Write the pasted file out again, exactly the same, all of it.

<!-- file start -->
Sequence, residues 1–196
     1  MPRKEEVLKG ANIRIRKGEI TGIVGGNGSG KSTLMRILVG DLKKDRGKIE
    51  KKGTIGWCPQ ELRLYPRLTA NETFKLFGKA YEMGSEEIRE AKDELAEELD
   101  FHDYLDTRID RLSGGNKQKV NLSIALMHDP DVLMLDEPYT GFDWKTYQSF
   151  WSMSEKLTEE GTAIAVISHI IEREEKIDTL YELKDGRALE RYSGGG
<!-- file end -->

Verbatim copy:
Sequence, residues 1–196
     1  MPRKEEVLKG ANIRIRKGEI TGIVGGNGSG KSTLMRILVG DLKKDRGKIE
    51  KKGTIGWCPQ ELRLYPRLTA NETFKLFGKA YEMGSEEIRE AKDELAEELD
   101  FHDYLDTRID RLSGGNKQKV NLSIALMHDP DVLMLDEPYT GFDWKTYQSF
   151  WSMSEKLTEE GTAIAVISHI IEREEKIDTL YELKDGRALE RYSGGG